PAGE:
By YUSUFU ABDULLAHI
This is the concluding part of the reaction on the need for a competition or anti-trust law in Nigeria. There were several reactions. But this was particularly interesting and I decided to let our readers have the benefit of knowing what is happening in some sectors of the Nigerian economy.
Alan Greenspan observes in his article, Antitrust that “if entry into a given field of production and service is not impeded by government regulations, franchises, or subsidies, the ultimate regulator of competition in a free economy is the capital market.
So long as capital is free to flow, it will tend to seek those areas which offer the maximum rate of return. Investors are constantly seeking the most profitable uses of their capital.
If, therefore, some field of production and service is seen to be highly profitable (particularly when the profitability is due to high prices rather than to low costs), businessmen and investors necessarily will be attracted to that field; and, as the supply of the product and service in question is increased relative to the demand for it, prices fall accordingly.
The capital market,” writes Mr. Greenspan “acts as a regulator of prices, not necessary of profits. It leaves an individual producer and service provider free to earn as much as he can by lowering his costs and by increasing his efficiency relative to others.
Thus it constitutes the mechanism that generates greater incentives to increase productivity and leads, as a consequence, to a rising standard of living.”
Now, if a company were able to gain and hold a non coercive monopoly, if it were able to win all the customers in a given field, not by special government granted privileges, but by sheer productive efficiency – by its ability to keep its costs low and /or to offer a better product or service than any competitor could – there would be no grounds on which to condemn such a monopoly. On the contrary, the company that achieved it would deserve the highest praise and esteem.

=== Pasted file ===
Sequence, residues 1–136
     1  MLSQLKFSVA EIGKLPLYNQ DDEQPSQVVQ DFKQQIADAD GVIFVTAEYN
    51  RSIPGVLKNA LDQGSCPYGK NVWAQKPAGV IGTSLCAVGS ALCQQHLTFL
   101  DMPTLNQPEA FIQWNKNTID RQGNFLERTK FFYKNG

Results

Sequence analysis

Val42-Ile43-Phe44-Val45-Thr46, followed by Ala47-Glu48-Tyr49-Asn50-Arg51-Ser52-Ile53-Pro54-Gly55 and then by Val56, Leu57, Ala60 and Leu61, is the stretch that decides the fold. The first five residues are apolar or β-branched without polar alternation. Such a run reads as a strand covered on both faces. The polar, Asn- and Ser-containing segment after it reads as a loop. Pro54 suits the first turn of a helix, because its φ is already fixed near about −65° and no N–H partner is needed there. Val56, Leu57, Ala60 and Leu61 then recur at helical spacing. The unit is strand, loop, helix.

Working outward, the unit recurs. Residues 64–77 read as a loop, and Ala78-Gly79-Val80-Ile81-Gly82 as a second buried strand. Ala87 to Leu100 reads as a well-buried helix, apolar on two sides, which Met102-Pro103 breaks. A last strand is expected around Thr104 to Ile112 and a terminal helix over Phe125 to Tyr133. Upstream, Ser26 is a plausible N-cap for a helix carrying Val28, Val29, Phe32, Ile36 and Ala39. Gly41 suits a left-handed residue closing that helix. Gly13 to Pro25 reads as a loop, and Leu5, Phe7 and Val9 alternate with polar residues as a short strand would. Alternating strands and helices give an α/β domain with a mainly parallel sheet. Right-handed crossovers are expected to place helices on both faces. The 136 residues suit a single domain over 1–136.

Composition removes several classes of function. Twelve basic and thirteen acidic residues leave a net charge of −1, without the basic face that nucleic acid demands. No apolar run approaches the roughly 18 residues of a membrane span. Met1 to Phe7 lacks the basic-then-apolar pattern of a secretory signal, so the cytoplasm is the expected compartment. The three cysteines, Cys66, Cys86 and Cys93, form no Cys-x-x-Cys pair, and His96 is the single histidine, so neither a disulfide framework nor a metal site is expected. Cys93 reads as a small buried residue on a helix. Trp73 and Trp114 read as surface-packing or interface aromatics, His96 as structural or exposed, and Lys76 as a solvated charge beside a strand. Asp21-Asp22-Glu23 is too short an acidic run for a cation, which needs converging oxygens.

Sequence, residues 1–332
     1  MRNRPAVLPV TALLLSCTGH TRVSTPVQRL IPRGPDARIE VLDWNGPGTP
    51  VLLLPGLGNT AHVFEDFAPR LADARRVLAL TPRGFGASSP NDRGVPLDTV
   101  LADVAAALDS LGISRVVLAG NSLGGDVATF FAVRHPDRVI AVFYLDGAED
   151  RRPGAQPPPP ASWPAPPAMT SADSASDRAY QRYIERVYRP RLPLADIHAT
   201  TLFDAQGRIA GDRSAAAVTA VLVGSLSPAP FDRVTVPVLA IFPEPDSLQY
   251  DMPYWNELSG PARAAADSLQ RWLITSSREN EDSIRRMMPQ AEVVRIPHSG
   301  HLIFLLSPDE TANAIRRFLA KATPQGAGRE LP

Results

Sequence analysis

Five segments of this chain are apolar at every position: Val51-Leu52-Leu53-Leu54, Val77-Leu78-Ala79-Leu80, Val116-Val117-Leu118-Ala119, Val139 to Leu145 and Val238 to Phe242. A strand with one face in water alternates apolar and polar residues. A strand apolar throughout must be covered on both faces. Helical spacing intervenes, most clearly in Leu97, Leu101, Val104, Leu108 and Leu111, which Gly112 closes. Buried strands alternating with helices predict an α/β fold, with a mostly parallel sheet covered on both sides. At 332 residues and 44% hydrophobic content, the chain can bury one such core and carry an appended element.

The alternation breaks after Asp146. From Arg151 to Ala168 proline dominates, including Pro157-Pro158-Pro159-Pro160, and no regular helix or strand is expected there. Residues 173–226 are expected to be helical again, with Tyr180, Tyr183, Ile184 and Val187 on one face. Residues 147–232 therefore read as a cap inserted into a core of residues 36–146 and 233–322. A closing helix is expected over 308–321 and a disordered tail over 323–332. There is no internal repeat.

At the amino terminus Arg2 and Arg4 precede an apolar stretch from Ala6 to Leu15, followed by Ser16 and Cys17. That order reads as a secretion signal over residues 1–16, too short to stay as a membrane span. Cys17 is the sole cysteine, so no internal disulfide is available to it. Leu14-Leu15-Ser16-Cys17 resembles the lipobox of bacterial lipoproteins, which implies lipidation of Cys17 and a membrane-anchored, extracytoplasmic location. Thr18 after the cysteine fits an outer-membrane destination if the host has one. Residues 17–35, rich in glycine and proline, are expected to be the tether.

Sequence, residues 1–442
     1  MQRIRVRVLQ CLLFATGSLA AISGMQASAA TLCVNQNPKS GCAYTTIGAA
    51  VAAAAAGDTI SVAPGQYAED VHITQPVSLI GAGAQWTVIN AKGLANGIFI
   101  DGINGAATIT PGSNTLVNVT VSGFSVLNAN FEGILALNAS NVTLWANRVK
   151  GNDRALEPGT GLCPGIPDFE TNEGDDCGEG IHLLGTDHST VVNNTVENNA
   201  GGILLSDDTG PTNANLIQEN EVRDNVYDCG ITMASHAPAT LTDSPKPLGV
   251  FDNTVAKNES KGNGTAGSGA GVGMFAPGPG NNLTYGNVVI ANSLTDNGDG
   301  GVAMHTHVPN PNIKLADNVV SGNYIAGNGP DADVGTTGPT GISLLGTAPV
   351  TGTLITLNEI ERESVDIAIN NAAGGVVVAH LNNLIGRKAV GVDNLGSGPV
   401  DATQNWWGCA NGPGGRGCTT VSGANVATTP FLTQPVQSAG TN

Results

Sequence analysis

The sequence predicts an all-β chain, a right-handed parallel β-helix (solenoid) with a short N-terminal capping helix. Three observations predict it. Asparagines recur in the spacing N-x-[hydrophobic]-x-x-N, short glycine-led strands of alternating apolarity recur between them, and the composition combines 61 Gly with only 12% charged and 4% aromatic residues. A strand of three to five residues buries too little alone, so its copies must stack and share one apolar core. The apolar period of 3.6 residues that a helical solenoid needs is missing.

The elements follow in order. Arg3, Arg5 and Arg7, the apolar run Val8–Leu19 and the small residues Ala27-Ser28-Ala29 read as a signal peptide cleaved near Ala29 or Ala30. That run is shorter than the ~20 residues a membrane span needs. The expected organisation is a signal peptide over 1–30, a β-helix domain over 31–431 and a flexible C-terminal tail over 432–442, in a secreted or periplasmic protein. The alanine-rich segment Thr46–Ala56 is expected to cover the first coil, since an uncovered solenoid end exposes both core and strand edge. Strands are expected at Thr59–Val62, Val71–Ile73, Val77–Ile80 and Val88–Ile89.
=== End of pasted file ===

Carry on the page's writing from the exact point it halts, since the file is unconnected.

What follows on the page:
No one can morally claim the right to compete in a given field if he cannot match the productive efficiency of those with whom he hopes to compete. It is not free trade on a free market that creates coercive monopolies, but government legislation, government action, government controls.
Federal Ministry of Trade and Investment should therefore enact a Competition Law just like the Canadian Competition Act or the United States Antitrust Law or Sherman Act of 1890 in the USA, to guide corporate competition to boost the Nigeria economy. Canadian Competition Act is a Federal law intended to prevent monopolies that regulate Canadian business practices.
It is enforced by the Canadian Competition Bureau and Competition Tribunal, which oversees mergers, trade, and commerce practices that concern industry competition.
It ensures consumers have competitive products and prices. Without the Competition Law in Nigeria, the goals of ‘Nigeria Content’ in oil and gas sector would be difficult as explained under the Terms of Reference of the Committee for Free Zones Reform and also as emphasized by the 2006 Presidential Committee on Free Zones in that “NNPC through ‘Nigeria Content’ Division, develop synergy with Free Zones in order to ensure that their activities promote the achievement of significant local content in oil and gas related activities which will ultimately act as a driver for other sectors of the economy.”
Strategic Restructuring policy of the Reform Committee of Free Trade Zones and Export Processing Zones is tailored just around this philosophy to achieve above stated objective with Nigeria Content initiative. Competition amongst companies is therefore healthy to any economy because it breeds efficiency, brings cost of production down, reduce prices and increase general standard of livings.
Competition is therefore healthy to the Nigeria economy. Coercive Monopoly is very unhealthy, dangerous to the economy, increase cost of production, charges higher prices, depressed the economy, breeds corruption and ultimately lead to high unemployment.